# Determining relative amounts of work done

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1. Sep 12, 2016

### RoboNerd

1. The problem statement, all variables and given/known data

2. Relevant equations

Work = - (integral of) (E dot dl)

3. The attempt at a solution

Hi,

I know that the right answer is D zero, but I fail to understand why. I said that the answer was A as I have different charges, and I thought that depending on how I approach each individual charge by taking either the left-hand path or the right-hand path that my integral of E dot dl would be different resulting in different amounts of work done.

However, the solutions say that the amount of work done is the same regardless of path taken.
Could anyone please explain to me why this is the case (with the electric field being conservative)?

Thanks in advance for being willing to help.

2. Sep 12, 2016

### kuruman

One of the definitions of a conservative force is that the work done by it is independent of the path taken. So the answer to your question is "by definition". Gravity is another conservative force. The work done by gravity when you move from one point to another depends on the height difference, not on how you go from one point to another. With electrostatics replace "height difference" with "potential difference". It's the same idea.

For this question, can you write expressions for the electric potential at points R and S? If these expressions are the same, then the potential difference is zero and the work done by the electric force will also be zero.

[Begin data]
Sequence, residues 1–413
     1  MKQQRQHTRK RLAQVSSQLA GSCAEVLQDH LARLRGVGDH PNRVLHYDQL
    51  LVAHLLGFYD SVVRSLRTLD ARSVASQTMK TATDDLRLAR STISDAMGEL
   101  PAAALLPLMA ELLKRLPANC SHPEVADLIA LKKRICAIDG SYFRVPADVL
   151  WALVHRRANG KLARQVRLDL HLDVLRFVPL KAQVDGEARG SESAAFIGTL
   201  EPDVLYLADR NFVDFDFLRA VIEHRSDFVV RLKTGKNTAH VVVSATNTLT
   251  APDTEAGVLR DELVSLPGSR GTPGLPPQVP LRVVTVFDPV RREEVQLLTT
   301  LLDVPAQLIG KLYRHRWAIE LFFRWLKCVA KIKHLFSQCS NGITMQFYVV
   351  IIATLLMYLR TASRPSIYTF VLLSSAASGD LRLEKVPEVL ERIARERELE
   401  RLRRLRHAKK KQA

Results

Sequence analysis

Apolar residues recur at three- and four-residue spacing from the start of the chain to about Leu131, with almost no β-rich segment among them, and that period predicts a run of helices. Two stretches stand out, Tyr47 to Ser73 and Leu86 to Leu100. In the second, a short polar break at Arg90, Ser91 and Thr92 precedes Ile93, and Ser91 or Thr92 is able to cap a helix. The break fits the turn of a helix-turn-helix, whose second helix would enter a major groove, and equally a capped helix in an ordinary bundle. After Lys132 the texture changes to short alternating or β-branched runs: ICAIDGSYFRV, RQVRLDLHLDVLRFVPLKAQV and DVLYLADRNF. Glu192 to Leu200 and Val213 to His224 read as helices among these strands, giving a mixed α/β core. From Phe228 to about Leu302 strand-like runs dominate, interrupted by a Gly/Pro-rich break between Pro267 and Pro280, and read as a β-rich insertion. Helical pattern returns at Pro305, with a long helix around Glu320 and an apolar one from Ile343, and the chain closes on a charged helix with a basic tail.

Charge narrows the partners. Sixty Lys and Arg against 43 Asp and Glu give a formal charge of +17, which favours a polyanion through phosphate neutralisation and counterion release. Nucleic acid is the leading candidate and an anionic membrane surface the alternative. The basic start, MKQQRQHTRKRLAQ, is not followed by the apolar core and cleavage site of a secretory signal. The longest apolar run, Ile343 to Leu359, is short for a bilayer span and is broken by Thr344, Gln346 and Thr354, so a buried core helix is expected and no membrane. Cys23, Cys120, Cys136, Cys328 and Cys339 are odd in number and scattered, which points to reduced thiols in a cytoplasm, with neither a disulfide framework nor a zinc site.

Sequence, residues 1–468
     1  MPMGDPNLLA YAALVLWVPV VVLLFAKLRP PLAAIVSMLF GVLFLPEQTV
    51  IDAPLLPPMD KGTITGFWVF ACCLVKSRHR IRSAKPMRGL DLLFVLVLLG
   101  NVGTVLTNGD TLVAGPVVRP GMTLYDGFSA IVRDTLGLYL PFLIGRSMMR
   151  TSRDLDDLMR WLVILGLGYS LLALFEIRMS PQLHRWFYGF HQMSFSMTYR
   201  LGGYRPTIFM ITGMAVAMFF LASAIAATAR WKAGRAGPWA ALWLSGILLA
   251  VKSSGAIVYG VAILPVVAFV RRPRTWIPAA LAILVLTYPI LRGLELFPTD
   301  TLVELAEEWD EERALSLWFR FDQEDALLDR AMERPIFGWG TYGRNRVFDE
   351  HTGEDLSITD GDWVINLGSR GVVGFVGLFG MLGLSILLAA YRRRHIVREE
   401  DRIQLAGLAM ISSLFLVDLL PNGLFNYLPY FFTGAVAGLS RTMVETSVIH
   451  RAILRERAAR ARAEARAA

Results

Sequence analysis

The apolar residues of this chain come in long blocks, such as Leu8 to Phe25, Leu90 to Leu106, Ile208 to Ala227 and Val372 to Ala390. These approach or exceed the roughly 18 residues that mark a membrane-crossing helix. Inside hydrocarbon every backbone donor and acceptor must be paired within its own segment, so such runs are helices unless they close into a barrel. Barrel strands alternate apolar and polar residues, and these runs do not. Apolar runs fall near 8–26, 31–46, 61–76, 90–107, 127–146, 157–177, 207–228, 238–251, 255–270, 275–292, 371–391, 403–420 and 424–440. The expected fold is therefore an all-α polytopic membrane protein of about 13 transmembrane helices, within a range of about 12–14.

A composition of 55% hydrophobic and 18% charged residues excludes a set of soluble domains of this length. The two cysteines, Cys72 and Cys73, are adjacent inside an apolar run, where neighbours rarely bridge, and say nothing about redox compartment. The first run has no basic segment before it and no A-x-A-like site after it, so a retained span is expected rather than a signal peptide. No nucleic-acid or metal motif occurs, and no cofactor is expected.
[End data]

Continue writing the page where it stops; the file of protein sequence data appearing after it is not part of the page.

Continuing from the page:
3. Sep 13, 2016

### haruspex

Do you mean C zero?

4. Sep 13, 2016

### jbriggs444

The four lines labelled with length d are not intended to denote paths. They are intended to denote distances. You cannot integrate E dot dl over any of those lines because they all end up on point charges. The integrals all diverge (i.e. they are all infinite).

If you ignore the fact that the integrals are not well defined, it is clear by symmetry that the work done over a path that approaches the +Q charge from R is equal and opposite to that done on a path that recedes from the +Q charge toward S. They add to zero. Similarly for the work done on the paths approaching and receding from the +2Q charge.

5. Sep 13, 2016

### kuruman

The problem is asking for the work "required to move a charge -Q from point R to point S". One can chose a path that does not bring charge -Q near the given charges, in which case all integrals are well-defined. The work done by the electrical force along any path from R to S depends only on the end points because the electrical force is conservative. This work is the negative of the change in potential energy. The latter is equal to (-Q)ΔV so the question is what is ΔV between points R and S? If it's zero, there is no need to go further. If it's not zero, the work required to move charge -Q (presumably by an external agent) is the negative of the work done by the electrical force, i.e. -(-Q)ΔV = +QΔV.

6. Sep 13, 2016

### RoboNerd

Yes, I actually did. :-) Thanks for catching that

7. Sep 13, 2016

### RoboNerd

That is a very good point. I did not even think of that. Thanks for bringing that to my attention!!

Thank you for bringing up very interesting points to my attention. I have determined that the potential differences are zero, and thus, no work is done.

Thank you again everyone for the help!!!